Velliv, the Danish life and pension insurer, has set clear targets for climate action, with a plan to reduce CO2 emissions by 60% in 2030 and be CO2 neutral by 2050 for its investment portfolio worth approximately DKK300bn (€40.3bn).

“We are not at all on target and we are working hard to ensure that we live up to the targets we have set,” the firm stated as it published its latest climate report this morning.

The report for the year 2021 discloses how the CO2 emissions of Velliv’s portfolio of listed shares and corporate bonds have developed over recent years and reveals what factors have played into that calculation – for example both market development and changes in the portfolio.

Velliv has also stated that active ownership and cooperation with other investors will play a decisive role in reaching the goal. “That is why we participate, among other things, in CDP’s Science-Based Targets Campaign, where we, together with over 200 other global investors, encourage more than 1,200 companies to set reduction targets for their CO2 emissions,” it said.

Anders Stensbøl Christiansen, investment director at Velliv, said: “If we as a society we are to succeed to curb global warming, it requires capital, innovation and cooperation. At the same time, it requires that we must see the possibilities and dare to go after them.”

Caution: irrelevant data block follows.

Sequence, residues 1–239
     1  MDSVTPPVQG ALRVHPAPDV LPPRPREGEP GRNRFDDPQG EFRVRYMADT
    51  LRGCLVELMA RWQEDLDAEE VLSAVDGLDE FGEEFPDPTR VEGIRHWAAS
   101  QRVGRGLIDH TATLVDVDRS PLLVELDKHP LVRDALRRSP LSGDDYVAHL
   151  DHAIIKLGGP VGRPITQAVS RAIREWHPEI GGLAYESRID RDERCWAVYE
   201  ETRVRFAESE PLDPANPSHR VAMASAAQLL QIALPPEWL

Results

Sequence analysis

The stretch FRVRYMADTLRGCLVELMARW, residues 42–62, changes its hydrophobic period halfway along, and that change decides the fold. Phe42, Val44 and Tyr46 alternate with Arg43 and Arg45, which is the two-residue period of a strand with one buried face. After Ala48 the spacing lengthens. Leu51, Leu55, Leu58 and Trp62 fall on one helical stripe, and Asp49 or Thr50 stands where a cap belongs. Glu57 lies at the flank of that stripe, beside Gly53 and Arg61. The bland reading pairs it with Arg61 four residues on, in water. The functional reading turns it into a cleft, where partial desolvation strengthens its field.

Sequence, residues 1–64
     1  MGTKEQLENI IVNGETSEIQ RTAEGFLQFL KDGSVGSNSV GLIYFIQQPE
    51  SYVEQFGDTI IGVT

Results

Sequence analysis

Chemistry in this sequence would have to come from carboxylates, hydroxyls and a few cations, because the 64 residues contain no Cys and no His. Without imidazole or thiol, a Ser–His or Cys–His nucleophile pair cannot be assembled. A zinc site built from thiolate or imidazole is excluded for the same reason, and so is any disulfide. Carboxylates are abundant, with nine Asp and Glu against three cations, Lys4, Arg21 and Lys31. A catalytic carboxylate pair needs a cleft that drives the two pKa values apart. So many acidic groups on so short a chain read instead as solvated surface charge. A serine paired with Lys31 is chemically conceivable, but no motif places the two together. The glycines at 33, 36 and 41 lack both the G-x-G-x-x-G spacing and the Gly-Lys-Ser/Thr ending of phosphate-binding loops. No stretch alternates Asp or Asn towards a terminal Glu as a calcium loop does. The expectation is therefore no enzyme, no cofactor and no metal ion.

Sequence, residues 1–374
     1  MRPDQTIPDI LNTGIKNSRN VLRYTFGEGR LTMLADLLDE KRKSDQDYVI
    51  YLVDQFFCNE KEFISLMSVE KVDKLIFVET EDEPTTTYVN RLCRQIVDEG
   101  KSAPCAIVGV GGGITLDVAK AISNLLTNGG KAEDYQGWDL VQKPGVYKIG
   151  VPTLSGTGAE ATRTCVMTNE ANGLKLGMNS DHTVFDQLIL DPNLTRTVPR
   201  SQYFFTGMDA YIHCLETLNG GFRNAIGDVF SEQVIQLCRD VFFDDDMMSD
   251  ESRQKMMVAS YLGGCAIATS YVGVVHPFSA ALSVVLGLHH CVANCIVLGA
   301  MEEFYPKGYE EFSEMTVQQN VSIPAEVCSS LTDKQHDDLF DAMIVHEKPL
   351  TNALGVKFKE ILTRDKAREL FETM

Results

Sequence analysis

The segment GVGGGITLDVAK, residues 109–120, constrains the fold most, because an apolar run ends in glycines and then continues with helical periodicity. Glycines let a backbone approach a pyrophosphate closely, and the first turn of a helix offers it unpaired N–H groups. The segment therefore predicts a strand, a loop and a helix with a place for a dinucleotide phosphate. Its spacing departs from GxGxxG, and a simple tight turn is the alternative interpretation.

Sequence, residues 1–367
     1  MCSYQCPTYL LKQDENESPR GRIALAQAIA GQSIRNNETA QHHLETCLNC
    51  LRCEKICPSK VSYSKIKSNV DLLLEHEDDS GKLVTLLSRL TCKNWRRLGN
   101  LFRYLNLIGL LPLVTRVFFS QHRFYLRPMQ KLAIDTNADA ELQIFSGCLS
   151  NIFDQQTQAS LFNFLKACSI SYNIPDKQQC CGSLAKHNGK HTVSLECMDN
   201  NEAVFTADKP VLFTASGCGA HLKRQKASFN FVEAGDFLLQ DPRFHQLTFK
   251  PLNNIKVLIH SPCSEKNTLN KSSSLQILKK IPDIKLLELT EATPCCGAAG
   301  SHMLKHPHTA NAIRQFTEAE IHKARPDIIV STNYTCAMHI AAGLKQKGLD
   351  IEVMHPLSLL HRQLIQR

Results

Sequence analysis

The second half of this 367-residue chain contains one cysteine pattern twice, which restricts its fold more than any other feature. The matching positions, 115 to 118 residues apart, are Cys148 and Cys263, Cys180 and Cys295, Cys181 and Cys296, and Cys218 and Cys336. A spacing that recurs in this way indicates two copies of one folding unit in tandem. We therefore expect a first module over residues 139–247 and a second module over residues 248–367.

Climate-related risks and opportunities will most likely impact long-term returns, Stensbøl Christiansen said. “When we manage the pension savings of more than 380,000 Danes, it is therefore extremely important that we continuously work hard to identify these risks and find the right tools to handle them.”

At the same time, he noted, Velliv must find the opportunities that the transition towards a CO2-neutral future brings with it. “It is a difficult task that we face, marked by both greatness uncertainty and missing data. There is no quick fix, but Velliv has sustainability high on the agenda, and that also means a great focus on climate.”

Velliv has recently joined both the Paris Aligned Investment Initiative and Science Based Targets initiative. “We have done this in order to raise the level of ambition, but also because we believe collaborating with others players on the market is necessary to reach CO2 neutrality,” Stensbøl Christiansen said.

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